New York — The Guggenheim Museum here is hosting some kinetic paintings and sculptures of Yaacov Agam, and a collaborative theatrical venture of Mr. Agam and Eugene Ionesco.
Although Mr. Agam has experimented widely in matters of art, he is best known for his works in various media which demand spectator participation, in particular paintings that change their appearance according to the viewer's position in relation to them.
In other words, works that, while themselves remaining exactly the same, are continually altered in the eye of the beholder as he passes before them.
The play is Mr. Agam's multistaged production of "Variations on the Same Theme: Journeys Among the Dead," Mr. Ionesco's first play since "Man with Bags," which opened in 1978.
The kinetic pieces, collectively entitled "Beyond the Visible," consist of both monumental and small-scale works -- as well as unusual pieces created especially for this exhibition. These include "Panoramagam," a relief mural running along the outside face of the museum's lowest interior spiral; "Aenaitral," a 48- foot decorated tower ascending from the center of the museum floor; and 180 individually designed, tapestry-covered cubes which double as a large sculpture during the day and as movable seats during the evening performances of the Ionesco play.
This is accomplished by various means, but especially by designing each work as a series of pyramid-shaped vertical strips painted varying shapes and colors. These replace one another in the viewer's eye as he moves before them, and create a flow of pictorial images rather than the single static image usually seen in painting or sculpture.
A good example is the early and relatively simple "Il n'y en a pas." When seen from the front, this is flat-patterned abstract painting with a number of geometric forms and large number of vertical lines.
If approached from the left, however, a considerably altered image meets the eye -- but one that changes rapidly as we proceed before it.
This sequence of quickly superseded images continues until we are precisely in front of the painting, where it stabilizes as the static fronta image we first saw.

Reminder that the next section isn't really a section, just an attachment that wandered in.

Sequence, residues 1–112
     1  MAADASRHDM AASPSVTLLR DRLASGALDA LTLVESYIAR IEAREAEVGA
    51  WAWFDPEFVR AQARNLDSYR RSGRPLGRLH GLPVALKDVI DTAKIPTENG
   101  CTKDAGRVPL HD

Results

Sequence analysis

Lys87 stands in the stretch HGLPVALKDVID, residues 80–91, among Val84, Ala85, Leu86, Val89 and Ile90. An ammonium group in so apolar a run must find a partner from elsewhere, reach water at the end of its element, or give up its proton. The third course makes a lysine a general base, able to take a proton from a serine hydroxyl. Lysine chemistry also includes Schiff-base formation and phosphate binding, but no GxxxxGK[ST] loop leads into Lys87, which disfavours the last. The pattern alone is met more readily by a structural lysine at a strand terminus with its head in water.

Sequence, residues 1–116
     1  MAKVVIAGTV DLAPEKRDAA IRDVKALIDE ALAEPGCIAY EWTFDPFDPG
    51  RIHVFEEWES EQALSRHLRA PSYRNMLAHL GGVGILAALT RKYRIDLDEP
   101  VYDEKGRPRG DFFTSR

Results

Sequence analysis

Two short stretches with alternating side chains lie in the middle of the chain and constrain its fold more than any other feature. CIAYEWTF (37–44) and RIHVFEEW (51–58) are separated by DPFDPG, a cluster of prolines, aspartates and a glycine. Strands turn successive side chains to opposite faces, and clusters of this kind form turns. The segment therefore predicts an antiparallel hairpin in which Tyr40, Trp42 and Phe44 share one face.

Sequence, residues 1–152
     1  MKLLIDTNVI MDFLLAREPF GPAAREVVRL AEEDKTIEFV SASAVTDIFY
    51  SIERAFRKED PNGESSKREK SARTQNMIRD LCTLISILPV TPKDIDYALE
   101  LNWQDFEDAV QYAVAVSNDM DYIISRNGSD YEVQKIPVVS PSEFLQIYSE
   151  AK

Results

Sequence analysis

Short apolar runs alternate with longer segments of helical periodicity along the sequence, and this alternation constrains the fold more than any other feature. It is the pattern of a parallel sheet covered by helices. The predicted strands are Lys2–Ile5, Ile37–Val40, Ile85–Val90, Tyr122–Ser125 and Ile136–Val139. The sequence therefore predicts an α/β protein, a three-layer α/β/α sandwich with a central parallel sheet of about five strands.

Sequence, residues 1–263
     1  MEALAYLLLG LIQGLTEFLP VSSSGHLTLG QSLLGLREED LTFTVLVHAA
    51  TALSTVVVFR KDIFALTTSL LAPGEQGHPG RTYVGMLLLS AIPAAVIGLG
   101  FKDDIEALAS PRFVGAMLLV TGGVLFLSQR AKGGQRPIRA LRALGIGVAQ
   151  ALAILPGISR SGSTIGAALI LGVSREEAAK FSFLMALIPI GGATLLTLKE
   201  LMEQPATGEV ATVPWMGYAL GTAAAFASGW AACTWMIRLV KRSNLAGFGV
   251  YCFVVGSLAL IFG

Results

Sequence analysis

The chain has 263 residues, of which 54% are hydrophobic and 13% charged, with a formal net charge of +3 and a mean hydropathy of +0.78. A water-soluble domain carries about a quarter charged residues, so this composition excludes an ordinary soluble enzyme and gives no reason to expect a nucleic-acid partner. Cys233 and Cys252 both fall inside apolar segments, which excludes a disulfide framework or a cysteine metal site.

If, however, we had approached the painting from the right, a different sequence of images would have come into view, although these would have followed the same optical principles as the others.
In other words, while the painting always remains the same, what we see of it changes the second we move either to the right or to the left. If then seen from a new stationary position, it becomes a single variation of the frontal image. If, however, it is viewed as we move rapidly along, it becomes a steady stream of changing and flowing shapes and colors.
To Agam, this perceptual process -- with the viewer only glimpsing stages of the painting's "whole" -- is like his view of our fragmentary perception of the "infinite": Just as we can perceive only facets of the painting, so can we only comprehend a fraction of the nature of the "infinite."
Thus Agam anchors his art upon philosophical, even theological, considerations, and sees its significance in philosophical speculation and theological wonderment rather than mere visual enchantment.
Now that's all well and good. Any art that enchants in order to lead us into deeper areas of feeling and thought is always more than welcome. In fact, many of us are extremely partial to art which, like Calder's and Miro's, first entices us by its delightful playfulness -- and them mysteriously draws us into profoundly new realms of questionings and heightened sensibilities.
But that is something that must come out of the art itself and be an organic part of what is experiencedm in that art. It cannot be verbally grafted onto it like a label -- no matter how well-intentioned that act may be.
And that, I'm afraid, is what I feel about the declarations of profound intent given to these works by Mr. Agam. Whatever he may have intended and wished them to be, the works themselves exist as extremely handsome and lively decoration -- and very little else.
Much as I enjoyed this exhibition, enjoyed its vitality and colorfulness, its optical enchantment, I never for a moment felt that these qualities led anywhere but to entertainment and to surface enjoyment.
It is an extremely attractive show. Our eyes and our sense of coloristic liveliness are enchanted by what we see. Everything is terribly nice to look at: The shapes are clean and well defined, the colors are bright and clear, the movements beautifully choreographed.
But I'm afraid that, pretty and decorative as they are, these works have the same relationship to genuine art that a child's toy mobile has to one by Alexander Calder. When all is said and done, when we have stopped moving about trying to get one more variation out of a particular painting, when we have really tried to see beyond the immediate pleasure these works give our eyes, when we have left the exhibition and thought back upon it -- what really have we come away with?
About what we get out of eating an ice cream cone or a chocolate chip cookie: delightfully delicious, but then gone forever.
Art is more than that. It must linger within us and advance some portion of our interior lives.
The works of Yaacov Agam, in my opinion, while visually enchanting, leave behind little of real value once they are out of sight.
Like the Ionesco show, this exhibition at the Guggenheim Museum will remain on view through Nov. 2.